The least costly and effective place to put a stop to the spread of a virus is at the borders of a country. Did you already forget how the democrats almost lost it when Trump finally started to shut down incoming flights and talk about quarantining folks coming inside our borders? But in the end whether sooner or later this virus continues to spread quite effectively all over the world no matter how wise or clownish their leaders are.

      • Candyman says:

        Really, just simply childish comment. Adds nothing to the pool of knowledge of Wolf’s articles, which is why we subscribe.

    • VintageVNvet says:

      Agree with inflation coming eventually J,,, but only after the deflationary period that RA suggest comes first.
      As someone wanting to make a very safe investment for long term, (been thinking tax free municipal bonds so far,) my question and IMO THE challenge is to anticipate the timing and extent of both.
      Another challenge for this approach is to determine if said muni both can and is likely to go into some form of BK that will wipe out their bonds.
      Any additional insights with regard those three factors — or others — for/of/about tax free muni bonds will be appreciated.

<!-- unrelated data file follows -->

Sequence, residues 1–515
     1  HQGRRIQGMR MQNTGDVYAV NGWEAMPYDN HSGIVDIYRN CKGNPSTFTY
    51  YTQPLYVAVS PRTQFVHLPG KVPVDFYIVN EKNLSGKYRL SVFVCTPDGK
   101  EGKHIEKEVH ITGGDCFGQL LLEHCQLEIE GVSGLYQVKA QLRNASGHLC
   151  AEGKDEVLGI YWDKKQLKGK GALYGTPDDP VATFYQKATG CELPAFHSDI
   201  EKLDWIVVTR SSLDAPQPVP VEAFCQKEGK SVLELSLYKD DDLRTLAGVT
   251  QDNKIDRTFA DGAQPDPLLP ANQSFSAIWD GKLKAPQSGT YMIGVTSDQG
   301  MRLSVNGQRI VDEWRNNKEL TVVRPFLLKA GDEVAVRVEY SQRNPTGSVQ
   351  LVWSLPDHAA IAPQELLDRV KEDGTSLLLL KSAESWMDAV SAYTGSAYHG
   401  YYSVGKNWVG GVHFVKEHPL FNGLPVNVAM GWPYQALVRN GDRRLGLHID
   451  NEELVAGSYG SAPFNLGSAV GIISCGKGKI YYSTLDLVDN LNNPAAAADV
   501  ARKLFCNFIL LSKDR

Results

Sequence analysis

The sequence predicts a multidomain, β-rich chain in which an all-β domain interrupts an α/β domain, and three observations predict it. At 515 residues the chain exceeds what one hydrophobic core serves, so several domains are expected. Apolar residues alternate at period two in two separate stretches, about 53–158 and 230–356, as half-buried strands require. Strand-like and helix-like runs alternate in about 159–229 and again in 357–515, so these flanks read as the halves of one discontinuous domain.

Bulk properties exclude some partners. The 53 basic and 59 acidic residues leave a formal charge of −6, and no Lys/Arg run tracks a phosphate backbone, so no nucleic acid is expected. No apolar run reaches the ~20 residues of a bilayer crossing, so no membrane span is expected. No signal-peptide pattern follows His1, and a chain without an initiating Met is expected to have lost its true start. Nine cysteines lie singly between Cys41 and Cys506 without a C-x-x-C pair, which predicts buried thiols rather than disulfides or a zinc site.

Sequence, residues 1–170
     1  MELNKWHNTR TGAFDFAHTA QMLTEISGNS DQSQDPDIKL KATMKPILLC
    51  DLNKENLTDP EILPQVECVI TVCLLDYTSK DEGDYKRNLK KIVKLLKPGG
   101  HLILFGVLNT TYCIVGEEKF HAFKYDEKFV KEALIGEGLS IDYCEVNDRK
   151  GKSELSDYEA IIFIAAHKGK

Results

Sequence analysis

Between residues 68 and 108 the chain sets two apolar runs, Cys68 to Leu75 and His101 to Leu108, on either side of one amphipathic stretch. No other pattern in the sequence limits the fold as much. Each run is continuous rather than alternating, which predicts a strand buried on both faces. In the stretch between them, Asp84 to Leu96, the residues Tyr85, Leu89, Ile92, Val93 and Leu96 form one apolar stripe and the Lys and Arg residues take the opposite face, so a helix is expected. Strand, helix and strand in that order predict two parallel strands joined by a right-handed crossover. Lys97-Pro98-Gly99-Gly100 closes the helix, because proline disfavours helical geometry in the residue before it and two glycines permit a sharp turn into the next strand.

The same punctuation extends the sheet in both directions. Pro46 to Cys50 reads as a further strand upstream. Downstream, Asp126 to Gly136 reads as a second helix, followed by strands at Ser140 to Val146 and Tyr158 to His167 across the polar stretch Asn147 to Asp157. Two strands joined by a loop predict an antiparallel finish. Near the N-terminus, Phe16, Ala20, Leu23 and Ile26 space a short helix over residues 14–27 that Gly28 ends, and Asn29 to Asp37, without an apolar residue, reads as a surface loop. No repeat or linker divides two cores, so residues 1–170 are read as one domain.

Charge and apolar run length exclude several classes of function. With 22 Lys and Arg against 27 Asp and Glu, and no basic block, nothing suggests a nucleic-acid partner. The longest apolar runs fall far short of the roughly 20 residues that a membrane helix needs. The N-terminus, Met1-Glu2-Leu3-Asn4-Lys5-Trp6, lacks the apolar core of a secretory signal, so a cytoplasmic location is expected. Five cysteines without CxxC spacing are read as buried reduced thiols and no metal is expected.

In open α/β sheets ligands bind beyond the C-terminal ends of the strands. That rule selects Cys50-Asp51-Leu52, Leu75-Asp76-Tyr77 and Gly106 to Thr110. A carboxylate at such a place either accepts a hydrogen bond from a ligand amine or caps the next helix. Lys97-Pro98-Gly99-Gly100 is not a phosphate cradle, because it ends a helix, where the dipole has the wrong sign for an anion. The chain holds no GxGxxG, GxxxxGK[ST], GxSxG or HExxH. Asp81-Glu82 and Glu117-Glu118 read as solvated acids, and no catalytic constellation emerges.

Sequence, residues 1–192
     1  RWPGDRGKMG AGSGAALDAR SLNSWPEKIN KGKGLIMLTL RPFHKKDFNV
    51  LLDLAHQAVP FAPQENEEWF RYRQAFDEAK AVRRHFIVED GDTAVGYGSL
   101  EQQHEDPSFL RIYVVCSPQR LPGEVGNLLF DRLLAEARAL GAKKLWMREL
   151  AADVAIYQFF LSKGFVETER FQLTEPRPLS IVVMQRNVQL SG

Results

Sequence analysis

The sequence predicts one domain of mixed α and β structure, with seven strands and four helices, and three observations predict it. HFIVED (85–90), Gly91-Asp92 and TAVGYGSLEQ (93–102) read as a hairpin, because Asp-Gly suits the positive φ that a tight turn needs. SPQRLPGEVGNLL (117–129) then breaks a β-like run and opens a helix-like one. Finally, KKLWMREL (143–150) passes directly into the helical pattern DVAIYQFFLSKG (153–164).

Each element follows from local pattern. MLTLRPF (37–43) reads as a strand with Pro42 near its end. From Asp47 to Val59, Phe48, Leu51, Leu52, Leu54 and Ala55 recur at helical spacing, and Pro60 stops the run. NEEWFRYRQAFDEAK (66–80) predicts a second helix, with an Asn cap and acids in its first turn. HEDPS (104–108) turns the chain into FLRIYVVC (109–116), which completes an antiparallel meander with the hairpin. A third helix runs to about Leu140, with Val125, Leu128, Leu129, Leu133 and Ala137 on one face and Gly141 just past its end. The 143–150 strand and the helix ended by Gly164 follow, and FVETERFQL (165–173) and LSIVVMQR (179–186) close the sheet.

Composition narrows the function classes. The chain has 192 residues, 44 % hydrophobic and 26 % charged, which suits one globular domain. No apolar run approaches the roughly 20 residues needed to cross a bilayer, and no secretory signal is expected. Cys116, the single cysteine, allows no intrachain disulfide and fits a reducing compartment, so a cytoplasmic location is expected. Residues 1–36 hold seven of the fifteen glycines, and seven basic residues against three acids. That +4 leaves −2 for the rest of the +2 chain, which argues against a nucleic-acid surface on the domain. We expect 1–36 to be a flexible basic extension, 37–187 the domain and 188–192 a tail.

Thank you

      • jmayer says:

        The thing with bonds is that they are the most expensive they have ever been. Might be better to look at an asset that is way off its highs.

      • Ensign_Nemo says:

        I’ve read that up to 25% of all restaurants, for example, will go out of business this year. Even fast food places are closing – for example, the local Burger King shut down for good last week with one day of notice for its employees and customers.

        If this is a good indication of the ongoing decline in commerce in most municipalities, then tax revenues are going to crash by perhaps as much as 25%. There could also be a positive feedback loop, where businesses shut down for good because nobody is buying anything, and their workers lose their jobs and then quit buying stuff, and it’s ‘rinse and repeat’ until the economy bottoms out.

        It’s not clear that municipal bonds are ‘a very safe investment for the long term’ if the tax base that generates the money for those bonds evaporates. If cities need to issue huge additional amounts of debt because their revenue crashes, then either the Fed monetizes that debt by buying lots of munis, or else interest rates increase and existing debt falls in value.